This course of action proves to be a fruitful one in episode 3, where the team rescues a pair of handsome royals named Prince Biryu and Princess Yanagi from the former’s evil father, the Great Dragon King Ryuuou. Episode 4, dubbed “4-EVER,” is actually a music video compilation that takes musical selections from the show and edits in – what else? – the humor, sex and violence from each episode. At least the suggestive scene in Episode 1 isn’t dwelt upon. On the other hand, there is some adorable SD animation created specifically for the special and some live-action performances by Yohko’s seiyuu Aya Hisakawa. If you’re into anime music and insert songs, by all means give it a shot, but the rest of us can skip it entirely.
Then, we move on to episode 5, which has the very first Devil Hunter, named Haruka, going to the present day and helping Yohko and Azusa fight Tokima, the most powerful devil. With every successive Devil Hunter generation, he frees himself from the seal created by the previous one, but always gets beaten and sealed away again in some sort of vicious cycle. The series closes with Episode 6, which features Yohko’s bitter rival cousin Ayako Mano, who, through a complicated set of circumstances involving their twin grandmothers, is another candidate for the title of 108th Devil Hunter. It doesn’t help that this antagonist also looks almost exactly like Yohko, and has her own sidekick, creatively named Azusa-2. This bitter rivalry creates a good setup for the final and unexpected battle.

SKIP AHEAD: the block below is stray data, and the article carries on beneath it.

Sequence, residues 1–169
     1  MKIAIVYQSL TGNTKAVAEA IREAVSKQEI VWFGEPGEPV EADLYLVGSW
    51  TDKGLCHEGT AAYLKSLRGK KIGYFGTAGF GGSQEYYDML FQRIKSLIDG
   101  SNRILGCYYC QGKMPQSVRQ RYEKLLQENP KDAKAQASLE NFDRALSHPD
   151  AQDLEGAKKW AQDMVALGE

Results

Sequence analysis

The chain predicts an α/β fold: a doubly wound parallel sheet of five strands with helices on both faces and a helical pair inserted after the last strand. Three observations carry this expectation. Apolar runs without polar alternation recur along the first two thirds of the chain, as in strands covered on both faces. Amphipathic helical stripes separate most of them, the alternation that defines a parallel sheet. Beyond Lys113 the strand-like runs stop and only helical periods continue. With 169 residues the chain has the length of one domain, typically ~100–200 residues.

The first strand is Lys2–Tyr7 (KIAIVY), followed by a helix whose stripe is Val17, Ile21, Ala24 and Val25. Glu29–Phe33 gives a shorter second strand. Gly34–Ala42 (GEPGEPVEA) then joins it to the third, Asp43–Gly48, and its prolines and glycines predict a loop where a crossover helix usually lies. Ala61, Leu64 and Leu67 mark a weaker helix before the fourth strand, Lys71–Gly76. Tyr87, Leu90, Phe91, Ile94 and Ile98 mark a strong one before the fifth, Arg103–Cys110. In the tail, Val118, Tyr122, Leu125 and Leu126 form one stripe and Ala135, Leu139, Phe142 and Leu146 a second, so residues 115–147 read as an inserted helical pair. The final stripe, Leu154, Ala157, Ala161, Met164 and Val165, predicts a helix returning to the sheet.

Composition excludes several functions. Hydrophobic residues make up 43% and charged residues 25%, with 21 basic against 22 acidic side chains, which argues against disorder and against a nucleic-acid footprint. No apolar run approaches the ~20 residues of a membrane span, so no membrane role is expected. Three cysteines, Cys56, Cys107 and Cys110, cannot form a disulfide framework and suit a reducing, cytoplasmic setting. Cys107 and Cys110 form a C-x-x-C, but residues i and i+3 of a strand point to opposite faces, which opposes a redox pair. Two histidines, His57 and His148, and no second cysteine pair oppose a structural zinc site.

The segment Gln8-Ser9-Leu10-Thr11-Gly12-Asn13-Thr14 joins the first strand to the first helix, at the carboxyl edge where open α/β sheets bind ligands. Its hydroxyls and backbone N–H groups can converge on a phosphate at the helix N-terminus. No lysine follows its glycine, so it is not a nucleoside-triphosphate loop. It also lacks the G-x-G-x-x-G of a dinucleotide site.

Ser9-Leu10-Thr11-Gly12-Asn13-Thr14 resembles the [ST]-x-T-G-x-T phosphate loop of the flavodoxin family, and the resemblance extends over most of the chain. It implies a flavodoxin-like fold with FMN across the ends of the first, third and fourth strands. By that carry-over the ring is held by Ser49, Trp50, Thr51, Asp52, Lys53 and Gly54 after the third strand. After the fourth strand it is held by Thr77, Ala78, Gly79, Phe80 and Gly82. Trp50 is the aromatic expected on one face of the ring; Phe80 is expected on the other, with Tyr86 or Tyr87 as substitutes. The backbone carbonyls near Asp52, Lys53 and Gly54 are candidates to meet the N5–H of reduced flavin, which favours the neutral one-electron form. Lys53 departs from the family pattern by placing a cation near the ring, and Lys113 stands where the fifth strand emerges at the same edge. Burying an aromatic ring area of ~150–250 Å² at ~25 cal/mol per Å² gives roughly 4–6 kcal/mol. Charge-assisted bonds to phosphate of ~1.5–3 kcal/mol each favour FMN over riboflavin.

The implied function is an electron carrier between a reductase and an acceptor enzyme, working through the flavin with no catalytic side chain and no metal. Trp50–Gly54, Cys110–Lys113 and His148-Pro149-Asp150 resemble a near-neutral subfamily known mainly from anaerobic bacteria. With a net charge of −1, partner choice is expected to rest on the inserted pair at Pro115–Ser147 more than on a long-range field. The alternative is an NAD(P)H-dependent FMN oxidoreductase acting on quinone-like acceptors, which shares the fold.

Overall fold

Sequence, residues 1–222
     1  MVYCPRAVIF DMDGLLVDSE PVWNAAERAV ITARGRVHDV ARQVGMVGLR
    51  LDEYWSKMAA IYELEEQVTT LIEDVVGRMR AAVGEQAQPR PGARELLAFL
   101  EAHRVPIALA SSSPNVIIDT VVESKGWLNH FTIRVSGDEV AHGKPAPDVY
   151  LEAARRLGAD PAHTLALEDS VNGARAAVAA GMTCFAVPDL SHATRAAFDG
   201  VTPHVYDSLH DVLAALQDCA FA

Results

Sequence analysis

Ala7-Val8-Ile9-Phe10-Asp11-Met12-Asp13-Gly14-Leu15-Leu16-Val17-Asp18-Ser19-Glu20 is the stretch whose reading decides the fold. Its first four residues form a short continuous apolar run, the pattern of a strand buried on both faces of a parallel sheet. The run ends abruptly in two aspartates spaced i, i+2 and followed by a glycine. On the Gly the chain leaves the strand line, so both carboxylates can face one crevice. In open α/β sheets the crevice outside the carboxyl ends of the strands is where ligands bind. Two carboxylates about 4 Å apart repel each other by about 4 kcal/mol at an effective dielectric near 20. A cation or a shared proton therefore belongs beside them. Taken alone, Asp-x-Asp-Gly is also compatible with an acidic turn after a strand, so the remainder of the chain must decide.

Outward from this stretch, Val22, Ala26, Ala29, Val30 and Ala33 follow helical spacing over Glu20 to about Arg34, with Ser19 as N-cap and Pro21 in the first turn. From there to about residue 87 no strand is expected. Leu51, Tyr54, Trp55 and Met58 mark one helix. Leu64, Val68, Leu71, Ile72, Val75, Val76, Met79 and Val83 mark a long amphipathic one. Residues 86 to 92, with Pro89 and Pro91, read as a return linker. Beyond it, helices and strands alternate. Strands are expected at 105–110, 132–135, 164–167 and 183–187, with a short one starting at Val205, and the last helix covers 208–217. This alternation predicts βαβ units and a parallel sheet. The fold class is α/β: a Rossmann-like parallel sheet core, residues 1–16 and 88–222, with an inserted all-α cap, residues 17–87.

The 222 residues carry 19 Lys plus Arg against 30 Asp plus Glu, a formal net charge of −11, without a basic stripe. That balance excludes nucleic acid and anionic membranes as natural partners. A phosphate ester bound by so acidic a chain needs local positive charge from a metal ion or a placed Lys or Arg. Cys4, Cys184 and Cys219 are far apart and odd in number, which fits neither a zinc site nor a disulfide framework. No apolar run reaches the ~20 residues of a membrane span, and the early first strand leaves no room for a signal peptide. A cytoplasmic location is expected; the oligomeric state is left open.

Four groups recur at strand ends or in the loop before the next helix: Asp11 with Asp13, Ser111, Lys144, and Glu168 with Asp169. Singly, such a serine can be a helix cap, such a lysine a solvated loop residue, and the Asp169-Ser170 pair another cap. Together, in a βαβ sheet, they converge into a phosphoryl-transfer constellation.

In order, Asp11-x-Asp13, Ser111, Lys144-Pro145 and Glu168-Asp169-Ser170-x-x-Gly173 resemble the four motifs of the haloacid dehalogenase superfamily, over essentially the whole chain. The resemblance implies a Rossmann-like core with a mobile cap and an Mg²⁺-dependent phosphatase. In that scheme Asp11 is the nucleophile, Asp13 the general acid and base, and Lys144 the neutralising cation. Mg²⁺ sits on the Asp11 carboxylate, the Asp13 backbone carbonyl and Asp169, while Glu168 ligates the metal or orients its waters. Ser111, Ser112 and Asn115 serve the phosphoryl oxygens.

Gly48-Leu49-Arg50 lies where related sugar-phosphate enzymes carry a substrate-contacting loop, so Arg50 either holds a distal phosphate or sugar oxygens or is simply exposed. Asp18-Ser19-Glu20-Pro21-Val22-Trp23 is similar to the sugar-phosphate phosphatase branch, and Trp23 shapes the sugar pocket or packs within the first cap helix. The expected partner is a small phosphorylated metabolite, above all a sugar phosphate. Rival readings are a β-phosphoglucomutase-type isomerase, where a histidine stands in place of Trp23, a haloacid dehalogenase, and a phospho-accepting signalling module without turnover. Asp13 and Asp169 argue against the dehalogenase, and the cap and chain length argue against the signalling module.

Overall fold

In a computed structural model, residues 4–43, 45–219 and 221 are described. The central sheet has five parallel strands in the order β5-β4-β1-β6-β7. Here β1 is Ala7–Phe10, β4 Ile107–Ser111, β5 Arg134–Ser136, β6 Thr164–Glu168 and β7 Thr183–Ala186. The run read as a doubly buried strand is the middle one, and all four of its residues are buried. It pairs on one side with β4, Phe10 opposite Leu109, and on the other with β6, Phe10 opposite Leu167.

Some fairly well-known individuals in the world of anime, such as Katsuhisa Yamada (director of Record of Lodoss War), Hisashi Abe (chief animation director of Chobits), and Akiyuki Shinbo (director of too many bizarre and brilliant anime series to count) all worked on Devil Hunter Yohko, and the animation was produced by Madhouse. In other words, there was quite a bit of talent put into the making of this series, and even though the animation is not up to Madhouse’s very high standards, it gets the job done, especially in subsequent episodes.